I am a big fan of learning and continuously growing yourself.
Ongoing learning comes with being passionate about a subject. However, recently I have learnt the hard way that there is a big difference between just learning and actually experiencing something. I got intrigued with the online space, after the birth of my first child. I was continuously listening to podcasts, reading blogs and articles about the subject. After about 18 months, I thought I knew all the basics to get started, and possibly turn this into a venture. I had my notes in Evernote, and with the help of Google, I, like everybody else, was pretty much the smartest person on the planet.
Reading about Chris Ducker’s Superhero Syndrome, I outsourced the web design to focus on the bigger projects like actually writing. I learnt after the initial enthusiasm comes in self doubt and right on cue, self doubt kicked in. A subject very popular online, so I knew I had to just push on and it would get easier. So I did. I ignored the self talk and continued. Blogging is easy I thought.
In one of my first blogs I made a huge mistake, I misspelled words, and had over seen them before I hit publish. World shattered. I noticed it only 2 days later. The entire world would know I spelled stronger as strnoger. The thoughts running in my head were, “Reputation lost. Give up the blog; you’re never going to make it.” Surprisingly, nobody complained. I learnt that even after publishing something I can edit it. Something I never read about, but learnt how to overcome it. Enter experience.
It seems so small, but is often overlooked. I know more about ups and downs of blogging in the 6 months by actually doing it then I did with the 2 years of online training. Today I have experience and found s method best suited for me. In the book, The Organised Mind, author Daniel Levitin, states that when ideas are processed on a deeper level, with more involvement from us, they become more strongly encoded in our memory. This is why passive learning through textbooks and simply seeing videos is not as effective as when we figure them out for ourselves.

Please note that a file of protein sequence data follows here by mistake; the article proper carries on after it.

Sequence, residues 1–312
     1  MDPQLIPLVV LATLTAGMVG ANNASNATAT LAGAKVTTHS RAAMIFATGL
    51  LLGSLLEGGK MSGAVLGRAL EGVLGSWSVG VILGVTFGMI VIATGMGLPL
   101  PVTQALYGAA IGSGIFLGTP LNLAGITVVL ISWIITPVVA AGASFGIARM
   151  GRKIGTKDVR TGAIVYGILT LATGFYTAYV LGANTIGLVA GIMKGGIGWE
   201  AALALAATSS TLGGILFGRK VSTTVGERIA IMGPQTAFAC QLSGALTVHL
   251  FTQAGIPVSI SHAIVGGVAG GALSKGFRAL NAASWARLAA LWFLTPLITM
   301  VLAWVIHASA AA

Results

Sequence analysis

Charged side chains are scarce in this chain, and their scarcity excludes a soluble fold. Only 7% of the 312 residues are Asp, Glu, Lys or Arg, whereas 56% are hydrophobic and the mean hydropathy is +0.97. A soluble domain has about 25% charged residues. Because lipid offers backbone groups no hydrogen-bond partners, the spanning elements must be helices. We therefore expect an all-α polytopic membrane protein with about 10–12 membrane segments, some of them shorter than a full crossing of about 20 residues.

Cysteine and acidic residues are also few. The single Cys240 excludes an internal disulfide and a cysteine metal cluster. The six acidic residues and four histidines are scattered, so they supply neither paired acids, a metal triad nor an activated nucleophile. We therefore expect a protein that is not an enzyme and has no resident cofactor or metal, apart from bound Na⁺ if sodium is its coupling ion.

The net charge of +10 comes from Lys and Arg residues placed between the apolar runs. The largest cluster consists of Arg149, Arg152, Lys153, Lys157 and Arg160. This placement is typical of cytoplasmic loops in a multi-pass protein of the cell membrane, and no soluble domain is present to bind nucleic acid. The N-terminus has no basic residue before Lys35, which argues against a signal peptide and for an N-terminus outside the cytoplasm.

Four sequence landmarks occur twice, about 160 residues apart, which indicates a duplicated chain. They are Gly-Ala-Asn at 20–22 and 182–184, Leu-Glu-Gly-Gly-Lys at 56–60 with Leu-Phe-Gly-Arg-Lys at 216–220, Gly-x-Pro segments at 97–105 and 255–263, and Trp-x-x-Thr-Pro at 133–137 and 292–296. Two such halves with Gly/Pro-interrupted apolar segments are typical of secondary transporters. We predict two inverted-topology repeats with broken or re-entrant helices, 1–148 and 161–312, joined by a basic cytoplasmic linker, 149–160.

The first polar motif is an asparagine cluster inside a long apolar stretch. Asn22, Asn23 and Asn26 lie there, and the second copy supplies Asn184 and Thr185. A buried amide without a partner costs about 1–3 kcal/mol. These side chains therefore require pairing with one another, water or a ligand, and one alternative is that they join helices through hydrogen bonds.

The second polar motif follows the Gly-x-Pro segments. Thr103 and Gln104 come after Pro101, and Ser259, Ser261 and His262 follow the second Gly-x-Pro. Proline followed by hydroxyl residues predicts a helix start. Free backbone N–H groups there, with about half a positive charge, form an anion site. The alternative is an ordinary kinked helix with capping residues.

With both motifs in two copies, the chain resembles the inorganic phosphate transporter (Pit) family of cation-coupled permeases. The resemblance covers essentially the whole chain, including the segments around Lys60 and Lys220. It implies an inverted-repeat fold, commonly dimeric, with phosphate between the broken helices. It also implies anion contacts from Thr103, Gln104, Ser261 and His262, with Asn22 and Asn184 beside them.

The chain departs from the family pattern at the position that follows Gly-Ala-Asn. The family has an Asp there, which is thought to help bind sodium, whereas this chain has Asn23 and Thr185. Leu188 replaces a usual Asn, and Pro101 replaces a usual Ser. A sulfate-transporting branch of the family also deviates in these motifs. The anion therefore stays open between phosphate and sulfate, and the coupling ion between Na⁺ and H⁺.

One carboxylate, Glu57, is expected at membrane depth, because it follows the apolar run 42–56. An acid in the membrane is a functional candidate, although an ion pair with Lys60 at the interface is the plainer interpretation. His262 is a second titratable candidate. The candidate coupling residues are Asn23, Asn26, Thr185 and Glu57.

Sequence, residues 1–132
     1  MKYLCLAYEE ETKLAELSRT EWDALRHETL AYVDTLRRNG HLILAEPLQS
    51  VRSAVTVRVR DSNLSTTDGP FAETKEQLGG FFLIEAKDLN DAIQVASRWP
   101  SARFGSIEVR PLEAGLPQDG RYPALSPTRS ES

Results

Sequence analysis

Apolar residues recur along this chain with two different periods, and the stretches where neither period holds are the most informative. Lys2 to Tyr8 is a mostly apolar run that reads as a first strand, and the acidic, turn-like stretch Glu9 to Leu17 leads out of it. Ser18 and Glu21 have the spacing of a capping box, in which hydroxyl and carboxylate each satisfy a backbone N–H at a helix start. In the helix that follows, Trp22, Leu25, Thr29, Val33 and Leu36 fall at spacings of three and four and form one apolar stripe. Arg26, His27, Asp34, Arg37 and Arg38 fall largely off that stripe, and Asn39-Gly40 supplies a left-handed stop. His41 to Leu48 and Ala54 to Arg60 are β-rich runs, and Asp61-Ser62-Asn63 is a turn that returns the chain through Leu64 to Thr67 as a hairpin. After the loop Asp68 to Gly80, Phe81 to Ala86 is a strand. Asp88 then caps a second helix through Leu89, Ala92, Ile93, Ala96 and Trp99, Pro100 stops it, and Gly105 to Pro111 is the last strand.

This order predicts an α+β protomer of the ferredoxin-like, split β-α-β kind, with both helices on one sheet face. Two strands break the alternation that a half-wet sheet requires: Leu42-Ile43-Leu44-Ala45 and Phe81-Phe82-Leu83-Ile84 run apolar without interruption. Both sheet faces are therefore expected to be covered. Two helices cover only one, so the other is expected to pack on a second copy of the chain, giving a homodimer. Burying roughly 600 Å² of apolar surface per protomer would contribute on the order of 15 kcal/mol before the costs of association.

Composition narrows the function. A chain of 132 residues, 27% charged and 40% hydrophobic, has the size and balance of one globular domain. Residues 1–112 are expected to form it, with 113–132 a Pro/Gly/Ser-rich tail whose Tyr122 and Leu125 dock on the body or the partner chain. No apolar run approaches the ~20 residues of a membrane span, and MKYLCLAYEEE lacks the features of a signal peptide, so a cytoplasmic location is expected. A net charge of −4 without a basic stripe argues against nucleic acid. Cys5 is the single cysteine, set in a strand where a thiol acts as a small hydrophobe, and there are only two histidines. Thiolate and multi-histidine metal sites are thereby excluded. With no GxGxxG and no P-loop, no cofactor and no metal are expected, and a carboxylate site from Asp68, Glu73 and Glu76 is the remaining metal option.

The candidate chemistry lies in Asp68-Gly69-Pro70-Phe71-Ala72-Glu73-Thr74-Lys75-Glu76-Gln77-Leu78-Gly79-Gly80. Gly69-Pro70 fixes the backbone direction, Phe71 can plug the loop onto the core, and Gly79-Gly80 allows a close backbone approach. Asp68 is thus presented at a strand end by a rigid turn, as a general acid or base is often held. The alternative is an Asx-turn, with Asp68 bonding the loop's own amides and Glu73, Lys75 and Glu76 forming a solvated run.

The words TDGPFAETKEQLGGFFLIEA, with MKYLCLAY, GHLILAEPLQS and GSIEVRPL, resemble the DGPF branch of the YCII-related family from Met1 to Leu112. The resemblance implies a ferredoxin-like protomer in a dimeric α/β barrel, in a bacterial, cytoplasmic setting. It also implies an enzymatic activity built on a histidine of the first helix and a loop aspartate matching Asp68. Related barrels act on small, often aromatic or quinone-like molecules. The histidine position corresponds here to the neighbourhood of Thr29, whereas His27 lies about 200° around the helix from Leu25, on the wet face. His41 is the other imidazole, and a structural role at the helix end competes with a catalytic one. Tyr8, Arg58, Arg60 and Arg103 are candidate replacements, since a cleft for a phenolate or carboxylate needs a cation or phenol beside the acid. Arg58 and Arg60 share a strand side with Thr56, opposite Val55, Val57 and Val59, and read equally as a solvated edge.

The perfectionist in me always says learn more, edit more. Since I don’t have years of experience in the online space, no one will listen, but it isn’t true. Today I am experimenting and gathering experience and people value experience. We go to see an artist perform because, they perform. Learning how to play the guitar and actually playing it are two very different things.
Education is important, but the experience which comes when putting education to use makes us valuable.
With Google, there is no need for anybody to pay someone for information. What we pay for is insights; insights come with experience not education. Education simply informs us that posting on social media is important, interacting with people is necessary. But insights can differentiate between a troll and a critic online. Experience tells us to value the followers we have rather than go after the vanity numbers (something I am still working on!). Experience informs us to compare ourselves not with someone who has years of experience over us, but ourselves and notice how far we have come.
Education has its place, I believe it is very important, and we have to keep investing in ourselves. It should not come at a cost of experience. We learn much more from failure than we do with success. When we only learn, failure isn’t an option. When failure is not an option we will never push ourselves to see what we can truly reach. In the words of Zig Ziglar, “You don’t have to be great to start, but you have to start to be great.”